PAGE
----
If you’ve been following my parenthood posts on this blog, you may remember that after the birth of my daughter last year, I decided to take my placenta home and plant it under a tree. It was actually a container citrus tree, since we didn’t know at the time if we’d stay in California, and we wanted to be able to take the tree with us should we move.
Well, we’ve moved! And we brought the blood orange tree to Oregon with us, where it’s now overwintering in our insulated garage next to a window. It survived the long trek in a trailer and has been thriving since we potted it last year, and I know many of you were curious as to how it’s grown with the placenta buried under it.
Right before the move a month ago, this is what our tree looked like.
We transplanted it in a larger fabric pot (a 20-gallon non-degradable Root Pouch) in preparation for the move, and will keep it in the fabric pot for the next couple years until we build a permanent greenhouse.
Eighteen months post-planting, the placenta has long decomposed in the potting soil and we now feed the tree with compost tea and citrus fertilizer. We haven’t seen any signs of fruiting yet, but the tree was only a year or two old when we purchased it. By my guess, fresh oranges are still another year or two away (especially since we need to improve our overwintering situation).
I’ve had so many questions land in my inbox since my original post that I thought I’d address the most popular ones here. If any pregnant gals out there have been wondering what to do with their placentas after birth, burial is certainly worth considering! It’s a wonderful way to honor the time your child spent en caul.
Did it smell?
No, there was no smell as the placenta decomposed in the pot. In fact, it was way less offensive than other types of fertilizer I’ve used in the past.
Did it attract rodents or other critters?
No. The placenta was buried at least a foot under the tree, and no critters tried to dig it up out of the container. (Keep in mind that we used a fairly large pot, so if you plan to do this, you’ll want a proportionately sized container for the amount of organic material you have.) We also didn’t notice any surge of critter activity after planting it.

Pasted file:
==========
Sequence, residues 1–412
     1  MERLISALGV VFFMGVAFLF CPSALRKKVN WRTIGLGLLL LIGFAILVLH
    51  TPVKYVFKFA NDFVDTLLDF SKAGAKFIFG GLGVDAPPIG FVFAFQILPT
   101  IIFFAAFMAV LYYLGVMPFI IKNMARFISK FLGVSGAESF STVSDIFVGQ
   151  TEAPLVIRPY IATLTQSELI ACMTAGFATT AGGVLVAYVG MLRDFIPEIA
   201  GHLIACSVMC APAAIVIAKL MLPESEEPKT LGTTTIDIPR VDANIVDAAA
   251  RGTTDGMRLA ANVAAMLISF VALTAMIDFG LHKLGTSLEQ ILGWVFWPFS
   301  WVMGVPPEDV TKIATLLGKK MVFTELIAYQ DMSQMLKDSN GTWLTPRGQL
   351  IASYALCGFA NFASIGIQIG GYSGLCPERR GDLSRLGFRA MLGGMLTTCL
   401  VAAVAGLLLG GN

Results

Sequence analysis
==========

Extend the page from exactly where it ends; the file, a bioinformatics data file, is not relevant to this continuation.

Did it leak or drip out of the container as it thawed?
I think this question stems from the fact that I froze my placenta and then buried it while it was still frozen. (You can see a picture of that in the original post.) And no, the placenta did not drip out of the drainage hole as it thawed. There was zero mess and zero odor, and the tree was watered regularly. As I’ve learned, using a placenta as a soil amendment isn’t all that different from using other animal matter, such as fish heads or cow manure. If you can look past the fact that it’s a byproduct of birth, it’s one of the purest forms of organic fertilizer you can use.
Did you notice any difference between the blood orange tree and trees that were given other fertilizers?
It’s hard to say, since my other trees were all in different stages of growth. But after burying the placenta under the blood orange tree, I didn’t fertilize it again for six months. It was green and healthy the whole time, free of pests, and very low-maintenance.
If I had another child and could keep my placenta again, I would — without a doubt — plant it under a new tree. I love looking at Gemma’s blood orange tree and knowing that this beautiful living thing shares a lifeblood with her. When the day comes that she can understand such a concept, it’ll be fun to explain to her how special the tree (and all the fruits it will eventually bear) truly is.